How Google Works – Eric Schmidt

Here are my comments on the book:

What can we learn from how Google works? Eric Schmidt, former CEO of Novell and current CEO of Google since 2001, addresses various aspects to building the world’s largest internet company. He talks about things such as compensating employees accordingly to performance, creating an open environment, quickly learning from failures, and spending time wisely. There are just so many aspects to running the world’s largest internet company that it’s difficult to address them all. Here are some of the points to the book:

 

1. Create a work culture of “yes” where employees feel that they are able to contribute or give ideas of a project that they’d like to run. The more that the employees have a say in the decision making process, the more they’ll own up to it. Giving employees control is such a major factor in employee satisfaction. No one likes to be told how to do something, especially if in the employee’s perspective that s/he has a better way to execute on it. People are too focused on following the process rather than the results whereas Google focuses on the results. Perhaps that’s a big why Google’s at the top.We are both parents, so we understand through years of firsthand experience the dispiriting parental habit of the reflexive no. ‘Can I have a soda?’ No. ‘Can I get two scoops of ice cream instead of one?’ No. ‘Can I play video games even though my homework isn’t done?’ No. ‘Can I put the cat in the dryer?’ NO! The ‘Just Say No’ syndrome can creep into the workplace too. Companies come up with elaborate, often passive-aggressive ways to say no: processes to follow, approvals to get, meetings to attend. No is like a tiny death to smart creatives. No is a signal that the company has lost its start-up verve, that it’s too corporate. Enough no’s, and smart creatives stop asking and start heading to the exits. To keep this from happening, establish a culture of Yes. Growing companies spawn chaos, which most managers try to control by creating more processes. While some of these processes may be necessary to help the company scale, they should be delayed for as long as possible. Set the bar high for that new process or approval gate; make sure there are very compelling business reasons for it to be created. We like this quote from American academic and former University of Connecticut president Michael Hogan: ‘My first word of advice is this: Say yes. In fact, say yes as often as you can. Saying yes begins things. Saying yes is how things grow. Saying yes leads to new experiences, and new experiences will lead you to knowledge and wisdom…An attitude of yes is how you will be able to go forward in these uncertain times.’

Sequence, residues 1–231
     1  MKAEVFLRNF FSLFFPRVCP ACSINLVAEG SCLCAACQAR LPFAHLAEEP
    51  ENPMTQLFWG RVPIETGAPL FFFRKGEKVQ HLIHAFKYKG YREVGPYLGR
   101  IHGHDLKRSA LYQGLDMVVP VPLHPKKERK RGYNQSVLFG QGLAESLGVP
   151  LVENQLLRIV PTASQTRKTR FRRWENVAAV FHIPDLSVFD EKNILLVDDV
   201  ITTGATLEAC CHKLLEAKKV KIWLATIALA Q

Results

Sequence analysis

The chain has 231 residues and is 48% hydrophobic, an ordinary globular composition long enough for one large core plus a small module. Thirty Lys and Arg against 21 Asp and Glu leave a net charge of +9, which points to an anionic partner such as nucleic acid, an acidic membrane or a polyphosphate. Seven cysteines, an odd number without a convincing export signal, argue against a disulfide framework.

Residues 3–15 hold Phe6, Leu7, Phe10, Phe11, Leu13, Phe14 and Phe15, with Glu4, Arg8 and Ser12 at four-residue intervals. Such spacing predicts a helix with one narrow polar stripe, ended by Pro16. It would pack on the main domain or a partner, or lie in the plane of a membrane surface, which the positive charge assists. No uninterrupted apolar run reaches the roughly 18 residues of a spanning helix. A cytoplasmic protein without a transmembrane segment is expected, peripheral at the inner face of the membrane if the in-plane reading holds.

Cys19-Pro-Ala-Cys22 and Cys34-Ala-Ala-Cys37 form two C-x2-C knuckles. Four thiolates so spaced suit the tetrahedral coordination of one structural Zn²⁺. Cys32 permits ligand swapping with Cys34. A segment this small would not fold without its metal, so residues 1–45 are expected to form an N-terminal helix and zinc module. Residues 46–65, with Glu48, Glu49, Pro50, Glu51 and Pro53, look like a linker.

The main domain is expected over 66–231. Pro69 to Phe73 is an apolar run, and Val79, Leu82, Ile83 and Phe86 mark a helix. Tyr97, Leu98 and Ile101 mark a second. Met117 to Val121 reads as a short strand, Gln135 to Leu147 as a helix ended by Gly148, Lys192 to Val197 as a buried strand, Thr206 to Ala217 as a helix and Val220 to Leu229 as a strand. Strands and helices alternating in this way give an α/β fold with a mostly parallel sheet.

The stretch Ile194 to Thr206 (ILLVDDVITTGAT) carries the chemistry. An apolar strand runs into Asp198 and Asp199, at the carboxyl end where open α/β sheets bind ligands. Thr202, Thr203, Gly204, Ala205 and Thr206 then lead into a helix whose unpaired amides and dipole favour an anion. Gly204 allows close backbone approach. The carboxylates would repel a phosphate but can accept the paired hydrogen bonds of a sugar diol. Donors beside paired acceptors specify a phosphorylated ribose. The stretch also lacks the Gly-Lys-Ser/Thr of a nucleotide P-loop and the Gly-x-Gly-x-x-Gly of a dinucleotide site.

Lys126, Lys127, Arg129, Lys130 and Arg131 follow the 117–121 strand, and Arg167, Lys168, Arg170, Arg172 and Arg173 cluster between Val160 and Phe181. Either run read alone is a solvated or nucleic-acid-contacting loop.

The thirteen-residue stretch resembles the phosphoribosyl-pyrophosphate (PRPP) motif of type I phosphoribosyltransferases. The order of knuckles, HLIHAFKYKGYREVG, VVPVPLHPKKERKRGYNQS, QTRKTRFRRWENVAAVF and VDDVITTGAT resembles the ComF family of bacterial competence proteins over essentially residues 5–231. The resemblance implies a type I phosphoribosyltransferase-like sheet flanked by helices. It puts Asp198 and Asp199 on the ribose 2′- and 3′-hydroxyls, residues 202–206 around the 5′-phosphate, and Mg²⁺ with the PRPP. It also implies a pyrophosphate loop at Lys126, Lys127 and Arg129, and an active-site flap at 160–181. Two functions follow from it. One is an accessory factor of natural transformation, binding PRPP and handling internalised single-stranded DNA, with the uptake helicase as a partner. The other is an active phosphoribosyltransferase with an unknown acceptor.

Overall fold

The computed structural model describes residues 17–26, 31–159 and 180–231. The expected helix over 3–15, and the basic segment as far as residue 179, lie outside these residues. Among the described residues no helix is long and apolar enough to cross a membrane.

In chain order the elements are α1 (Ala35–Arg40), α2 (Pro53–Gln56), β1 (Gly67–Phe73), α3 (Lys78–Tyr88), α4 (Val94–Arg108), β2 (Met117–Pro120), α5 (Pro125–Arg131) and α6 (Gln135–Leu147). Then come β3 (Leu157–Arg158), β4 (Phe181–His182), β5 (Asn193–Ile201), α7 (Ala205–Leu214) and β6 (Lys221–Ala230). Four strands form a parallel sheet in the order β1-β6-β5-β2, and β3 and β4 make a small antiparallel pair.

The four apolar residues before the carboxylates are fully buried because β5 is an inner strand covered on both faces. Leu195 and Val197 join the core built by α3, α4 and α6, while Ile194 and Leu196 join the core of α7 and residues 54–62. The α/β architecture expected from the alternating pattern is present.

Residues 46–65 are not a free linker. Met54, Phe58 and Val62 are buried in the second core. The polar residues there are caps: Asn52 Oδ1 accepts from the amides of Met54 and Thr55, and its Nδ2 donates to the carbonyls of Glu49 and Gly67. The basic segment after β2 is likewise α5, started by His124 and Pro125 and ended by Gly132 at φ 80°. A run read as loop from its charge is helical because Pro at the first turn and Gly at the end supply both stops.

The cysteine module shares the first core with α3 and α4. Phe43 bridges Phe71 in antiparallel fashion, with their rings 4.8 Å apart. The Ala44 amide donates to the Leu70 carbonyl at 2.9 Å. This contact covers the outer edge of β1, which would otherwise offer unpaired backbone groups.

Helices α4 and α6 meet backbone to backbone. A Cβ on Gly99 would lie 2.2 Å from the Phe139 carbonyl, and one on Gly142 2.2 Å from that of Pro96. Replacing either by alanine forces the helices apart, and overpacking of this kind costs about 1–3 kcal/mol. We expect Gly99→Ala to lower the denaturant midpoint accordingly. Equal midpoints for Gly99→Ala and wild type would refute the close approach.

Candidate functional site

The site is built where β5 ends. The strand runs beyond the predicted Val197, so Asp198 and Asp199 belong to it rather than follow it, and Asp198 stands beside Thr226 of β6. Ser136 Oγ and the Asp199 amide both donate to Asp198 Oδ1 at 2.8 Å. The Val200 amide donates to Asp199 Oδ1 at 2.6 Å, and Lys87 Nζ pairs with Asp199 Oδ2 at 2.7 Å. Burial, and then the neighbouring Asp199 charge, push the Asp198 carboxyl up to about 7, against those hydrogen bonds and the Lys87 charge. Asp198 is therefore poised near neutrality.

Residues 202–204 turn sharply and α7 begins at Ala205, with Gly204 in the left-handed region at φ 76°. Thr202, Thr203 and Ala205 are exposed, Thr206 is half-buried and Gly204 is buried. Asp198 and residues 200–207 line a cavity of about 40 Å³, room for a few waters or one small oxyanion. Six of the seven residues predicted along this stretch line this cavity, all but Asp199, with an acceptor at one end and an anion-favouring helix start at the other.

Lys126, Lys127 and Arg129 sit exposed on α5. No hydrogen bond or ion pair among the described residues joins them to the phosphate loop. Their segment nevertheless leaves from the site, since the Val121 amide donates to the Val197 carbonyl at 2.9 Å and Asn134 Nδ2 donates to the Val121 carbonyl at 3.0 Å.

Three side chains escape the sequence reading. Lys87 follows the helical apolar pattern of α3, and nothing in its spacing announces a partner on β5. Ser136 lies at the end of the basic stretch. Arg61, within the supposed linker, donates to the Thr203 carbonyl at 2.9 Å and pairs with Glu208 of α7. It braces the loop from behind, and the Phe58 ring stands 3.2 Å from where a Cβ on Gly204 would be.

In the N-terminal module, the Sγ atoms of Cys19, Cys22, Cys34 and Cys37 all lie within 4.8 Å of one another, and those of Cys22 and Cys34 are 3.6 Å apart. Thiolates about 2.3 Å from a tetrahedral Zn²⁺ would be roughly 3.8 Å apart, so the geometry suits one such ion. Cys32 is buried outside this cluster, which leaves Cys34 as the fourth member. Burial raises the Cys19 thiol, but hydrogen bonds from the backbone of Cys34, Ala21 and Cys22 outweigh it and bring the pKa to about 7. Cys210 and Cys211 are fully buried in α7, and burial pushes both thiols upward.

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2. When it comes to getting a project done, create a smaller group rather than a big one to get it done. If Google uses Jeff Bezos’, founder and CEO of Amazon.com, ‘two-pizza team’ model, chances are is that it’s a working model. Try it out yourself and see how it works. The building block of organizations should be small teams. Jeff Bezos, Amazon’s founder, at one point had a ‘two-pizza team’ rule, which stipulates that teams be small enough to be fed by two pizzas. Small teams get more done than big ones, and they spend less time politicking and worrying about who gets credit. Small teams are like families: They can bicker and fight, or even be downright dysfunctional, but they usually pull together at crunch time. Small teams tend to get bigger as their products grow; things built by only a handful of people eventually require a much bigger team to maintain them. This is OK, as long as the bigger teams don’t preclude the existence of small teams working on the next breakthroughs. A scaling company needs both.